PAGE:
The Correlation Between Hobbies and Depression: A Social Prescription
Recently, there has been a growing interest in directing primary care patients towards non-medical supportive sources, in addition to medical methods. Commonly referred to as “social prescription”, this support is provided specifically for patients with low-moderate levels of depression.
Some of the popular activities prescribed in the social prescription include group activities, such as music, painting, needlework, carpentry, collecting, or handicraft like model building. All these factors encourage the patient to take part in different activities.
These activities improve the coping skills and agency, while channeling the attention, providing innovation, cognitive stimulation, and a sense of belonging. All these activities also provide the social support that positively affect the mental health. Furthermore, hobbies provide the individuals with the opportunity to make emotional interactions, to express themselves, to be creative, and to relax. The studies conducted regarding the correlation of depression and hobbies, have reported the benefits of engaging in hobbies that include artistic activities.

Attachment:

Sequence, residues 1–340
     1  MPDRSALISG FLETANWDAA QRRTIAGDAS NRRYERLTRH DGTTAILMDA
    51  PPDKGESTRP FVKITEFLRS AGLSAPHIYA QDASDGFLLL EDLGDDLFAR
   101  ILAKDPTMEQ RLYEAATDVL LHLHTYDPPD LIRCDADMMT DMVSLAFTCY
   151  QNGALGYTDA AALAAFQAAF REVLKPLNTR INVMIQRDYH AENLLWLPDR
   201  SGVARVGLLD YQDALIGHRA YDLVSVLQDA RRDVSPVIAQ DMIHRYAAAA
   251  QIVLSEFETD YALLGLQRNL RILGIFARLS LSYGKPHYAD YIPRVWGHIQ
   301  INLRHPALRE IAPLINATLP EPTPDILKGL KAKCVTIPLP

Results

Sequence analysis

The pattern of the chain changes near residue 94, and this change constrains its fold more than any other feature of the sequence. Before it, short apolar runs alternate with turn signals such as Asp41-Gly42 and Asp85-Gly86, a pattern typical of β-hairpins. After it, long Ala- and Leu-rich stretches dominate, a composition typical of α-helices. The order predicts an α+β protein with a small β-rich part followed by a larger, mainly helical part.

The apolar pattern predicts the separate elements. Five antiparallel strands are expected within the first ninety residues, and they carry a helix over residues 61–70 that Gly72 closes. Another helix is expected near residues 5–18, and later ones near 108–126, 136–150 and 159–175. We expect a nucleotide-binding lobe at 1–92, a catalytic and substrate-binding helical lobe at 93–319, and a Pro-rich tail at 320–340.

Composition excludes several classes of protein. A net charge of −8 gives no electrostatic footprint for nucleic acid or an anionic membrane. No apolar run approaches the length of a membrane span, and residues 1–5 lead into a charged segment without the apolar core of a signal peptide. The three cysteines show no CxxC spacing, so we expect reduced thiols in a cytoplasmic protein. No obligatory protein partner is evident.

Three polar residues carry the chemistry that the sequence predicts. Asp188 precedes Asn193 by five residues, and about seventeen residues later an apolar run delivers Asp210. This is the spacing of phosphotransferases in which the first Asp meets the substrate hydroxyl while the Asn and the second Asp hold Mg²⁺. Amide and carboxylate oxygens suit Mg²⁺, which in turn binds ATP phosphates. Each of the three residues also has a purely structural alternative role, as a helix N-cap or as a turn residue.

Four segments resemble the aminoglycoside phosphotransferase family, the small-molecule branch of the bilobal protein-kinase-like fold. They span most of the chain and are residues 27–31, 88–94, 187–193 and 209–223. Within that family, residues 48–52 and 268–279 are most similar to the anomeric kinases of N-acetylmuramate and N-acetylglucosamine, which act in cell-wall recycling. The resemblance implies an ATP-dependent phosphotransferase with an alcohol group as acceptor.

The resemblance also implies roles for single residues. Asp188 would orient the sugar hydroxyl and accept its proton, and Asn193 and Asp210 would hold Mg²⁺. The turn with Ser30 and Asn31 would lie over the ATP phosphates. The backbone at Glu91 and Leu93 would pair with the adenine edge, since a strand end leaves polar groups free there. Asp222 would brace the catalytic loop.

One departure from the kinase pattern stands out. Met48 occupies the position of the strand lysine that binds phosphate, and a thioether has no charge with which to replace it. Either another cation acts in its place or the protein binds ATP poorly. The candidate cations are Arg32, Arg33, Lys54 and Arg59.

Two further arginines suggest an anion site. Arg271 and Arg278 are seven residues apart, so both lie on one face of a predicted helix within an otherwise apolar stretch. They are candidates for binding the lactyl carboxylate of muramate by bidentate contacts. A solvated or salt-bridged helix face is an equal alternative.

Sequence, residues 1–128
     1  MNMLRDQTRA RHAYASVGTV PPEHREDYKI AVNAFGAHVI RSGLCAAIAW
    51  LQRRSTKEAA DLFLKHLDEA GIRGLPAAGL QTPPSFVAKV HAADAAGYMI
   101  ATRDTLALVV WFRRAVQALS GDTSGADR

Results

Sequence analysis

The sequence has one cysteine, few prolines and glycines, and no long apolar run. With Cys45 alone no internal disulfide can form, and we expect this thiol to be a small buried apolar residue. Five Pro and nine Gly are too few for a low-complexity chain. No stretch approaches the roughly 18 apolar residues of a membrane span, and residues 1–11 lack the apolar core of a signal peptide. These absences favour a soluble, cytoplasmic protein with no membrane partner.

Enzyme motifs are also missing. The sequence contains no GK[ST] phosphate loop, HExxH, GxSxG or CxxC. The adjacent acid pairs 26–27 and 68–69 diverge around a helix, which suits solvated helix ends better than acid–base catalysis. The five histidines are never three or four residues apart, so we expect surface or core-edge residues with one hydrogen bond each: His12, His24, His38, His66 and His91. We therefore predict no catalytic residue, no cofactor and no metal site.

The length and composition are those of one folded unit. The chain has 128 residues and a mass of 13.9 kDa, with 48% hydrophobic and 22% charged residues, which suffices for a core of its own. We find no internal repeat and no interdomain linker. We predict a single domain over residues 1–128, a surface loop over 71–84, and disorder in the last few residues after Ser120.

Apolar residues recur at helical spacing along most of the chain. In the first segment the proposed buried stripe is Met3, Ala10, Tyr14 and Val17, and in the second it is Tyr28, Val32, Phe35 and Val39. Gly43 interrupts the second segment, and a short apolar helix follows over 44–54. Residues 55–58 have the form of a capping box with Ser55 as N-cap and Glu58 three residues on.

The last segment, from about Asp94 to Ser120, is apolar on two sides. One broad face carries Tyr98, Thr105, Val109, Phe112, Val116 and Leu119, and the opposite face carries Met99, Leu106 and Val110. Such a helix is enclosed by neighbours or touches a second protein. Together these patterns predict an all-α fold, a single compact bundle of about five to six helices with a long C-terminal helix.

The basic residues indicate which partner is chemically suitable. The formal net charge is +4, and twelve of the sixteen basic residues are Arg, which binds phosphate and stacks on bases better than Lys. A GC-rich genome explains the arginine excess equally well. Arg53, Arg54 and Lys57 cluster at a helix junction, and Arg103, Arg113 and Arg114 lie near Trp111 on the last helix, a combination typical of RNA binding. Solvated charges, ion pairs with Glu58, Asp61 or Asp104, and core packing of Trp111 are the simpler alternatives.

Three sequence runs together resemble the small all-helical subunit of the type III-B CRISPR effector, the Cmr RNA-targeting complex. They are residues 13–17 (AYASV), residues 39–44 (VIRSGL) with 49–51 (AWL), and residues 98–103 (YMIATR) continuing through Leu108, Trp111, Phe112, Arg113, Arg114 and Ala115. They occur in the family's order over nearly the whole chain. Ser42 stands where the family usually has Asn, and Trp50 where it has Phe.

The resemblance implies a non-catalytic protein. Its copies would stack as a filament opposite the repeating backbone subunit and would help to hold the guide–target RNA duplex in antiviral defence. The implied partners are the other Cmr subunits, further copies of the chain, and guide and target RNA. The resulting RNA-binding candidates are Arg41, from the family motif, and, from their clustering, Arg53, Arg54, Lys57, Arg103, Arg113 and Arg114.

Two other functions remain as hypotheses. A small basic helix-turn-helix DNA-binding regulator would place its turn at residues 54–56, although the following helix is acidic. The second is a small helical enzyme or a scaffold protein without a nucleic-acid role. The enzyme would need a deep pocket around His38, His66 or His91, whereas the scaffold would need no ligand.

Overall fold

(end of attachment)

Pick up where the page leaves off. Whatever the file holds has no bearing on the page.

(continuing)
The studies support physicians, psychologists, psychotherapists, and social services specialists in terms of using social prescriptions in addition to the current care plans of their patients (however, for each patient, one must pay attention on ensuring the suitability of the prescription).
– Fancourt, D., Opher, S., & de Oliveira, C. (2019). Fixed-Effects Analyses of Time-Varying Associations between Hobbies and Depression in a Longitudinal Cohort Study: Support for Social Prescribing? Psychotherapy and Psychosomatics, 1–3. doi:10.1159/000503571
– Fancourt D, Finn S. Cultural contexts of health: the role of the arts in improving health and well-being in the WHO European region (Health Evidence Network Synthesis Report). Copenhagen: WHO; 2019 Nov.
– Fancourt D, Perkins R. Effect of singing interventions on symptoms of postnatal depression: three-arm randomised controlled trial. Br J Psychiatry. 2018 Feb;212(2):119–21